Magesa, L 1997, African Religion: The Moral Traditions of Abundant Life
, Maryknoll, New York.
Mbisa, PA 1993, ‘Burial Customs and Beliefs of the Ndali in Christian Perspective’, Diploma in Theology thesis, St. Mark’s Theological College, Dar es Salaam, Tanzania.
Mbiti, JS 1990, African Religions and Philosophy
, 2nd ed., Heinemann, London.
Menkiti, IA 1984, ‘Person and Community in African Traditional Thought’, pp. 171–81 in RA Wright (ed.), African Philosophy: An Introduction
, 3rd ed., Lanham, New York.
Mwakilema, AAB 1997, ‘Death and Life After Death in the Nyakyusa Belief’, Diploma in Theology thesis, St. Mark’s Theological College, Dar es Salaam, Tanzania.
Nutkowicz, H 2006, L’Homme Face à la Mort au Royaume de Juda: Rites, Pratiques et Représentations
, Patrimoines Judaïsme, Cerf, Paris.
Ocholla-Ayayo, ABC 1989, ‘Death and Burial: An Anthropological Perspective’, pp. 30–51 in JB Ojwang and JNK Mugambi (eds.), The S. M. Otieno Case: Death and Burial in Modern Kenya
, Nairobi University Press, Nairobi, Kenya.
Olyan, SM 2005, ‘Some Neglected Aspects of Israelite Interment Ideology’, Journal of Biblical Literature
, vol. 124 no. 4, pp. 601–616.
Pitard, WT 2002, ‘Tombs and Offerings: Archaeological Data and Comparative Methodology in the Study of Death in Israel’, pp. 145–67 in BM Gittlen (ed.), Sacred Time, Sacred Place: Archaeology and the Religion of Israel
, Eisenbrauns, Winona Lake, Indiana.
Pritchard, JB 1969, Ancient Near Eastern Texts Relating to the Old Testament
, 3rd ed. with supplement, Princeton University Press, Princeton, New Jersey.
Spronk, K 1986, Beatific Afterlife in Ancient Israel and in the Ancient Near East
, Alter Orient und Altes Testament 219, Butzon & Bercker, Kevelaer; Neukirchener Verlag, Neukirchen-Vluyn.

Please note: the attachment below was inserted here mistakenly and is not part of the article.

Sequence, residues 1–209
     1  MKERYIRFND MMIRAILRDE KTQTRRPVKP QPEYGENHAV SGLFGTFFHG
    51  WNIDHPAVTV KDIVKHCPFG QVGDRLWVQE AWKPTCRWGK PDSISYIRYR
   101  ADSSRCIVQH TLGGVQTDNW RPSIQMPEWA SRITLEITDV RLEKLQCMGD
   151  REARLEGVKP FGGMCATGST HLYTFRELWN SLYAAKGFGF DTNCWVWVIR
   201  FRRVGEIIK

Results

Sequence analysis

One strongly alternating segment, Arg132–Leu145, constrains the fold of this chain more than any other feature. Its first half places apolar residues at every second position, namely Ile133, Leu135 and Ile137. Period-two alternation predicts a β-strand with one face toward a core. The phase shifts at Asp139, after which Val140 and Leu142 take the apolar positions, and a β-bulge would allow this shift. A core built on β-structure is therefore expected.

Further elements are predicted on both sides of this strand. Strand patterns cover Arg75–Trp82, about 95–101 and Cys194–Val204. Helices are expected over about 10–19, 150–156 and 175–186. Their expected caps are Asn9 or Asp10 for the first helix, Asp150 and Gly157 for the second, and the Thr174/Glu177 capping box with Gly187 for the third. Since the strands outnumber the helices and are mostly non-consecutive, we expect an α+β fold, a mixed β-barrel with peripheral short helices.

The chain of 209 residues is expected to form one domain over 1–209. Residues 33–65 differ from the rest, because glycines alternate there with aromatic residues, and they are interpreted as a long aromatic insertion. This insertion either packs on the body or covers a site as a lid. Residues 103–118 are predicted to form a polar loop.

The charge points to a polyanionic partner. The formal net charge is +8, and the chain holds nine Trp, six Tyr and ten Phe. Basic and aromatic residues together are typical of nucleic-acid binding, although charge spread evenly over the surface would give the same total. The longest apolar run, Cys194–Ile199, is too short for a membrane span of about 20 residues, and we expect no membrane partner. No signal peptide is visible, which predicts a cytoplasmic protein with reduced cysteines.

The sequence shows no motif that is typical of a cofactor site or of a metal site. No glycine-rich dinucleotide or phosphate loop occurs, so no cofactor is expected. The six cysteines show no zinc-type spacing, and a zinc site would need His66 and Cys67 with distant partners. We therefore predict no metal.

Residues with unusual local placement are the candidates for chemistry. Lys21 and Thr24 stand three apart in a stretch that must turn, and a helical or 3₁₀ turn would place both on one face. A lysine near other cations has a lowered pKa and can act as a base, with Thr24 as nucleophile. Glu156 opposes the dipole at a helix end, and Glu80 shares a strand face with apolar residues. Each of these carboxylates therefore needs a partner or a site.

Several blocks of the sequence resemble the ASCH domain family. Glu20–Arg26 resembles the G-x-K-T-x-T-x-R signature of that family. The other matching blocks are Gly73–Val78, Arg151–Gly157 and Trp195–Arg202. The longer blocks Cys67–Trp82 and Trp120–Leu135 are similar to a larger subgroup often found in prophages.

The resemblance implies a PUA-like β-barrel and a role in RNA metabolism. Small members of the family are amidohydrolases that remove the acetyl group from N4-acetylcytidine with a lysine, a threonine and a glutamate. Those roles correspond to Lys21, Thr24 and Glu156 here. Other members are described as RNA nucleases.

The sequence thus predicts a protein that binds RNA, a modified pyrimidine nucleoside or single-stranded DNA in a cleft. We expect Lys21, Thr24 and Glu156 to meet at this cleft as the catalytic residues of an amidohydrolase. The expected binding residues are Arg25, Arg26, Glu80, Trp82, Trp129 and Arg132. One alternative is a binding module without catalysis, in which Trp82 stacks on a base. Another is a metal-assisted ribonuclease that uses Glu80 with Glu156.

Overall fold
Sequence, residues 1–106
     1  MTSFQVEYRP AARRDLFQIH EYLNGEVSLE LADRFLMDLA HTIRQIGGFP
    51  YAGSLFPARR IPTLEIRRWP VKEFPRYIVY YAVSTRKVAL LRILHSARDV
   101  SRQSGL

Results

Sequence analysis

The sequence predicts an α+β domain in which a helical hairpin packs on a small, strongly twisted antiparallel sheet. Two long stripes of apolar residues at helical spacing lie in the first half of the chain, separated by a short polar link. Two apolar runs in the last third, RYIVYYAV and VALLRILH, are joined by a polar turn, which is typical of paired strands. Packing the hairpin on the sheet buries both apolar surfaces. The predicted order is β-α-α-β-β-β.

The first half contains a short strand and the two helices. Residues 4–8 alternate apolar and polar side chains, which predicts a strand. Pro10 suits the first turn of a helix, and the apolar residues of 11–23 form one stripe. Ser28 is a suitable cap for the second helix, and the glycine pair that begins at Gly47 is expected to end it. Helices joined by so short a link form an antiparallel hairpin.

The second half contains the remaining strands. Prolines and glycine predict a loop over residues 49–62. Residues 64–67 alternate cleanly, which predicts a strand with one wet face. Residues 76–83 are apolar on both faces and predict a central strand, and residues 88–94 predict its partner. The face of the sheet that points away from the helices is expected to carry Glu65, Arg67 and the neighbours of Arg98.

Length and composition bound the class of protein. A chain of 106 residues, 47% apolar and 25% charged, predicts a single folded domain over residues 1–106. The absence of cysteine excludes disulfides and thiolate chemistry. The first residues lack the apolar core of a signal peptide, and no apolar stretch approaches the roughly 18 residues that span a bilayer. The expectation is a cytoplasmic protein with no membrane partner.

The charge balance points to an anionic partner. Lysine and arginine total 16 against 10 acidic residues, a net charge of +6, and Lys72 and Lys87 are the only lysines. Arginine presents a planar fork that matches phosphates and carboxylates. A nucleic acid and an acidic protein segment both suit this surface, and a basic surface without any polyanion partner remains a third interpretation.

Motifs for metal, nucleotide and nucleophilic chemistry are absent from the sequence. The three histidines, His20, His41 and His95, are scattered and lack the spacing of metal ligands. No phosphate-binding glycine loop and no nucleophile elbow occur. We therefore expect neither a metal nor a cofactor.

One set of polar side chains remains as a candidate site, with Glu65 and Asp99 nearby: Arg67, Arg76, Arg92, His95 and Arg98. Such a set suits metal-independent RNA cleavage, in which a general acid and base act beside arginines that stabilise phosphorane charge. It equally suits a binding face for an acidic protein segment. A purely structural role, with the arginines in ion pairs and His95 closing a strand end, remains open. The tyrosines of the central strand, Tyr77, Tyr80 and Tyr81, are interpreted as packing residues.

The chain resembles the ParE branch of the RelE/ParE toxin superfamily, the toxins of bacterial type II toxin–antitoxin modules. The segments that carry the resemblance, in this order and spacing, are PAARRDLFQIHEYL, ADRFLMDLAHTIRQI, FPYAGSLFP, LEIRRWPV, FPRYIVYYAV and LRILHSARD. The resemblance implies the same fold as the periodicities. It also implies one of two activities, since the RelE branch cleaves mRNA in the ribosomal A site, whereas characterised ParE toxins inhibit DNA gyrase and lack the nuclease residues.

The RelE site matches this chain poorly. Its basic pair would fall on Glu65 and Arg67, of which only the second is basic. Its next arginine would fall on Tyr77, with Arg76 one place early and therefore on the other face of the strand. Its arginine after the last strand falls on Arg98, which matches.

Stendahl, K 1984, ‘Immortality Is Too Much and Too Little’, pp. 193–202 in K Stendahl, Meanings: The Bible as Document and as Guide
, Fortress, Philadelphia.
Tappy, R 1995, ‘Did the Dead Ever Die in Biblical Judah?’, Bulletin of the American Schools of Oriental Research
, vol. 298, pp. 59–68.
Ussishkin, D 1970, ‘The Necropolis from the Time of the Kingdom of Judah at Silwan, Jerusalem’, Biblical Archaeologist
, vol. 33, pp. 34–46.
van der Toorn, K 1996, Family Religion in Babylonia, Syria and Israel: Continuity and Change in the Forms of Religious Life
, Studies in the History and Culture of the Ancient Near East 7, Brill, Leiden.
West, G 2004, ‘1 and 2 Samuel’, pp. 92–104 in D Patte (ed.), Global Bible Commentary
, Abingdon, Nashville.Notes
1) It is unfortunate that many scholars continue to rehearse the erroneous idea that a resurrection faith entered the Scriptures as a foreign intrusion at a very late date, at the time of the Maccabean martyrdoms. In addition to the contravening inner-biblical evidence, the appearance of the theme of bodily resurrection in pre-Maccabean texts outside the Scriptures, such as 1 Enoch
27:1–4, easily dispels this commonplace misperception.
2) There are a few somewhat obscure hopes for a beatific heavenly afterlife found in the book of psalms (Ps 16:10–11; Ps 49:15; and Ps 73:24–26), but these hopes are never elaborated. The Hebrew Scriptures nowhere develop the notion of a celestial counterpart to Sheol. Rather, what we more generally encounter are realities on this side of death, such as the tree of life
and the temple atop Zion, the cosmic mountain
, that contradict and oppose Sheol. In the biblical texts, the true antipodes to Sheol are found in the world of the living, the favored realm of the Lord, the God of the living (cf. Levenson 2006). Eventually, in the apocalyptic literature, these divinely supported realities will lead to death’s demise. Meanwhile, God remains stronger than Sheol (Job 11:7–8; 14:13; 26:6; Ps 139:8; Prov 15:11; Isa 7:11; Amos 9:2; Jonah 2:2), and can work to protect those souls that go down to death. We find in the texts a widespread emphasis on family ties as the means of God to effect such protection.